guaranteed to have major security holes.”
I believe this to be obvious to anyone with a casual acquaintance
with computer security (such as me).
Now I can “prove that the machines can be hacked” by citing the
following paper which just appeared on the web. Computer security
researchers an Johns Hopkins and Rice Universities have inspected the
Diebold code that appeared on a web site in New Zealand a few weeks
ago. The report appears at:
My understanding is that this analysis took about a week. Very
serious security blunders were discovered in a matter of hours. While
I still believe that insider attacks are still the hardest to stop and
potentially the most damaging, it is now clear that there are serious
security holes that can be exploited by election workers and even
voters. Unlike insider tampering, most of these problems could have
been easily avoided had competent computer security people been
involved in the system design and implementation.
For, example, it appears that it is easy to make counterfeit “voter
cards,” which can be used to vote as often as you like. One can
easily make a fake “administrator” card. Hackers could rearrange the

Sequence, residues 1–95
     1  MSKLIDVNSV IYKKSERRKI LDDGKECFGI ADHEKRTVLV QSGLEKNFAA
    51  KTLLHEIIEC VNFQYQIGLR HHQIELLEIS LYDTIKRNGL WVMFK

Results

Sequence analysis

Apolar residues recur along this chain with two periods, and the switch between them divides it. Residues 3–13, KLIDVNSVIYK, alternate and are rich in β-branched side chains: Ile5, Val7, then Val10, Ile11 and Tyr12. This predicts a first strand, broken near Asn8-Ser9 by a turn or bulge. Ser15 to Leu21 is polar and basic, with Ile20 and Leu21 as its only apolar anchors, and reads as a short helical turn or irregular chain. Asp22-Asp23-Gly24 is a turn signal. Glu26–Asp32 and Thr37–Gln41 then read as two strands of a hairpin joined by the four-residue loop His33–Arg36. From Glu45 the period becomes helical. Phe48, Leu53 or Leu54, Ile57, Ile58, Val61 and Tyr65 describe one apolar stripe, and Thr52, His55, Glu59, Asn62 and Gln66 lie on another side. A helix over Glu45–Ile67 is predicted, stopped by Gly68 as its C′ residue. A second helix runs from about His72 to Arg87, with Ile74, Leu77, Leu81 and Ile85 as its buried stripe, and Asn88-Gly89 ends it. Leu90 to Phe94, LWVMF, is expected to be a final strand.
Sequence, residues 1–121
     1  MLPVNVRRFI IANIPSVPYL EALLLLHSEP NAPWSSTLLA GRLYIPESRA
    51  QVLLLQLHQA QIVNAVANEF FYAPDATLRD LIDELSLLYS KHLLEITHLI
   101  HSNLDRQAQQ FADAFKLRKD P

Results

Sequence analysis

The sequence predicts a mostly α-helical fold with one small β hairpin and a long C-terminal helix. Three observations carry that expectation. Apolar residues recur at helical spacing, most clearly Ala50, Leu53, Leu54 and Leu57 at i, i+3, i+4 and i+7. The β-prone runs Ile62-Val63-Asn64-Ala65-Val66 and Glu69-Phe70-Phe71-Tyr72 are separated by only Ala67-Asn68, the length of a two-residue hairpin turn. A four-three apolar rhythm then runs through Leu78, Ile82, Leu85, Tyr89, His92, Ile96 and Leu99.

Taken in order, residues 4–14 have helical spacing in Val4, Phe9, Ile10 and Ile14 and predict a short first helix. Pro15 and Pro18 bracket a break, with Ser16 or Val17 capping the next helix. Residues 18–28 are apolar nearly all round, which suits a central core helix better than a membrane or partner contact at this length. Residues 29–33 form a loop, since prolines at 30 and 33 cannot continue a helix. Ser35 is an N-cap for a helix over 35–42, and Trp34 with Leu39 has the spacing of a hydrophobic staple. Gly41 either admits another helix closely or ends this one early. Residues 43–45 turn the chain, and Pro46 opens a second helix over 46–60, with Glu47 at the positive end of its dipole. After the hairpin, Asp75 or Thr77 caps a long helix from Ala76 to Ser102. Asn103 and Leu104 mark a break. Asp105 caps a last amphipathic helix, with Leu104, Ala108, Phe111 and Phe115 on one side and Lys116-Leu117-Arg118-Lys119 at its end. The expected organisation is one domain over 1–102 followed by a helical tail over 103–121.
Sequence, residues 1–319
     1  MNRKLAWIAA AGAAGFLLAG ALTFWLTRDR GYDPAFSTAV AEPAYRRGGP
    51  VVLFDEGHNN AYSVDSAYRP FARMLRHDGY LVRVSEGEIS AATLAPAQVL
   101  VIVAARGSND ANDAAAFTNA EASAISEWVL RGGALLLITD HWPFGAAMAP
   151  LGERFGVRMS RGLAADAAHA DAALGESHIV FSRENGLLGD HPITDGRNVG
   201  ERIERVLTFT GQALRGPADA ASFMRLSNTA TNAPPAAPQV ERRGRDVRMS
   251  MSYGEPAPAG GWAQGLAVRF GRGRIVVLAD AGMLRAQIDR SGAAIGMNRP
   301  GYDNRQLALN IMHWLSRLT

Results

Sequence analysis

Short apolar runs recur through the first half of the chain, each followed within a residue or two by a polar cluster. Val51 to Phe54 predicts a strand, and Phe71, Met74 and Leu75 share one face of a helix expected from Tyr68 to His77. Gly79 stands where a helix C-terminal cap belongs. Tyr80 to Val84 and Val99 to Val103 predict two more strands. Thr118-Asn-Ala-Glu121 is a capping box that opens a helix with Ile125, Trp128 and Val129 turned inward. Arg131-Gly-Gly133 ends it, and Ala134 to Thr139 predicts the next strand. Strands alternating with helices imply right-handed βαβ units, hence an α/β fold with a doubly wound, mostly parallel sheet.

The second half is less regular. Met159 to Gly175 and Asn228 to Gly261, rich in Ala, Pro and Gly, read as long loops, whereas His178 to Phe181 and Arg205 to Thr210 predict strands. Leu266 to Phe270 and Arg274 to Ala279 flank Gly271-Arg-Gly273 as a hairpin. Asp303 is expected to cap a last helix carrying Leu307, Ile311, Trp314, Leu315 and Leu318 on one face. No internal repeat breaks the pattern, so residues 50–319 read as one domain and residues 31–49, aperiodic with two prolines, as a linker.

candidate order on the ballot so that votes are credited to the wrong
We’ve been told by voting machine vendors, regulators, and election
officials that “hacking” DREs is almost impossible because the
machines are designed carefully, use cryptography, and have
proprietary software; that there are stringent Federal regulations;
that Independent Testing Authorities (ITAs) scrutinize every line of
code; that states have exhaustive certification processes; and
localities do extensive Logic and Accuracy Tests.
It’s just not true. That was obvious before the report, but now
it should be undeniable.
There is no reason to believe that Diebold’s system is less secure
than other vendors. Their code just happened to be available.
All the other vendors are implementing the same indadequate
security requirements and satisfying the same inadequate reviews.
There is also no reason to assume that the worst problems have
been found. The authors felt that it was important to get the
information out quickly. Additional weeks or months of review
might reveal even worse problems.
I hope this settles the debate on DRE security. They’re not secure.
There needs to be an independent audit trail.
The most recent negative development was that the Leadership
Conference on Civil Rights produced a policy analysis arguing against